A senior police chief admitted last night that Croydon was left virtually defenceless on 8/8, despite the authorities warning local traders of possible trouble since 9am that morning. There were so few police available in Croydon that residents off London Road, when they called 999 asking for protection, were told that they should defend themselves.
Chief Inspector Mark Nanji told a public meeting of young residents from London Road that Croydon had less than 100 police officers were available on the streets to deal with the riots, from its total force of nearly 700 officers.
Those officers put on to the streets included, Nanji said, anyone from the police station who could wear a uniform.
Nanji praised the outstanding bravery of his officers, none of whom, he said, had riot training.
Nanji expressed his concern about the speed of response to his calls for more police from the 2,000 officers held back in reserve in London. Reinforcements did not begin to arrive in Croydon until more than two hours after the start of the rioting outside West Croydon station.
A police officer from the audience at the meeting confirmed CI Nanji’s observations, claiming that police lives would have been at risk if an early advance had been made into London Road.
Nanji denied that there a strategy to abandon London Road to the rioters, saying that “it was just the way it evolved”. He said that the police held their ground on the High Street so to protect people there.
Nanji claimed that most of the rioters “will get a knock on the door”.
Malcolm Wicks, Croydon North’s MP, was also at the meeting. His previous requests for details of the number of officers on duty in Croydon on that infamous night had been refused on the basis that “operational matters” could not be divulged.
Wicks repeated his call for an independent inquiry into what happened “minute by minute” on 8/8 and into what preparations the council and the police made for the expected civil unrest. Nanji told the meeting that there would be a Met inquiry into the London riots that would take some considerable time under the chairmanship of the now departing Borough Commander, Adrian Roberts.
Despite police intelligence over the preceding weekend that some of those planning to riot in Croydon wanted to kill a police officer, Roberts was called away from Croydon on 8/8 to work at Scotland Yard, leaving on the ground control on the night to his deputy Jo Oakley. Both of Croydon’s senior coppers seem to have been sidelined in the past month, with Hounslow’s deputy borough commander Paul Martin being brought in to Croydon with effective tactical control. It is not yet clear whether Martin will succeed Roberts when he moves later this month on to Olympic security duties.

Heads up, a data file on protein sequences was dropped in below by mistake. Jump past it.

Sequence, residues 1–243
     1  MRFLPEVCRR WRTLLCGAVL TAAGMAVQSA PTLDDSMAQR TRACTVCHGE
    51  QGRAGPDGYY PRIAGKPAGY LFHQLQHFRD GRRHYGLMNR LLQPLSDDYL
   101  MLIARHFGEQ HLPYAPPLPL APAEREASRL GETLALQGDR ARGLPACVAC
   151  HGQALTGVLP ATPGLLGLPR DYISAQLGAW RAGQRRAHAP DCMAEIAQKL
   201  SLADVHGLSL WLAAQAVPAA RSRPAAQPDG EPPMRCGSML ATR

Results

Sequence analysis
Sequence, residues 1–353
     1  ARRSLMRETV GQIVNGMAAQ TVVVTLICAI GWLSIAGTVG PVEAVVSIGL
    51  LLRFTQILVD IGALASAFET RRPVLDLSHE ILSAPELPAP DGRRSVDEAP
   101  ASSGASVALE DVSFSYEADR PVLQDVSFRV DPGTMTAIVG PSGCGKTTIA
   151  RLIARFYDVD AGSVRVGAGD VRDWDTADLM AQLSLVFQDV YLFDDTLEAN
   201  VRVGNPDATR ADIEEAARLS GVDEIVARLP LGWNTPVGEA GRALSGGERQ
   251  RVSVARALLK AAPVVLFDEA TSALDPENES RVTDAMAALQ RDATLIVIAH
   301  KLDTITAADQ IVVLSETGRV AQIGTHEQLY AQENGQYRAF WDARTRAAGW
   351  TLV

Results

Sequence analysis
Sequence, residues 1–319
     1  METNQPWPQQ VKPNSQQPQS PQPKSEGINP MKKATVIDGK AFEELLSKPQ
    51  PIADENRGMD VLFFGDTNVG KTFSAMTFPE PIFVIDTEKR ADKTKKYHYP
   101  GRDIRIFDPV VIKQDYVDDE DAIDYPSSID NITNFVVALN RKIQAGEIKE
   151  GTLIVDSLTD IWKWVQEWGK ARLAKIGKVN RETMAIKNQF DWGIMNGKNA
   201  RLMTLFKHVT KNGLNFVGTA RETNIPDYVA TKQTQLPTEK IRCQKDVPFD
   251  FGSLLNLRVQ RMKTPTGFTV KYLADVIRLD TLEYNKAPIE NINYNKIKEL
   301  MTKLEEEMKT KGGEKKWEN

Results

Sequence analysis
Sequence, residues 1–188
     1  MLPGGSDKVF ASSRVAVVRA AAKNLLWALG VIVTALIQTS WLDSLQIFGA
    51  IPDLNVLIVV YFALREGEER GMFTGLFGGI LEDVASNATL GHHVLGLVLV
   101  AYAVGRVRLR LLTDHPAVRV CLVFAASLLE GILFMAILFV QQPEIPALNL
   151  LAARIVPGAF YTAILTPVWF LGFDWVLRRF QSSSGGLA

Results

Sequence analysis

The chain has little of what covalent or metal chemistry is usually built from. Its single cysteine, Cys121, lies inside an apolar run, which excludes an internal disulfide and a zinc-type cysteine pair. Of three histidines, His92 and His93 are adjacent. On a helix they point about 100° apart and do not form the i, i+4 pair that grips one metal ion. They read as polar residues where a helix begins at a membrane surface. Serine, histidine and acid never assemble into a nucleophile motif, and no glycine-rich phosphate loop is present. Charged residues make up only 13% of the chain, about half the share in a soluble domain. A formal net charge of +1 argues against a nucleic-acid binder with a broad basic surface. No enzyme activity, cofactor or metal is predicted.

At Thursday’s meeting, Wicks again said that his constituents were abandoned on 8/8. He said that residents at Zodiac Court, afraid for their lives, were told to protect themselves when they rang 999 for help.
Bashford said that she had taken notes of all comments that were made and that Barwell would be very interested in them all.
Croydon Council is to hold an emergency debate about policing in the borough at the Town Hall next Wednesday. Croydon is to lose six police sergeants from its Safer Neighbourhood Teams – a bigger cut than any other borough in the capital, a move by the London Mayor’s office which received tacit acceptance from Croydon’s ruling Tory group until the events of 8/8, although the proposal has been opposed by more than 90 per cent of Inside Croydon readers.
- MP Wicks renews demand for urgent inquiry into Croydon riots (insidecroydon.com)
- Croydon 8/8: Borough’s top cop was called away before riots (insidecroydon.com)
- Croydon police chief says her force was overstretched (insidecroydon.com)
- Rioters “wanted to kill a police officer” claims Commander (insidecroydon.com)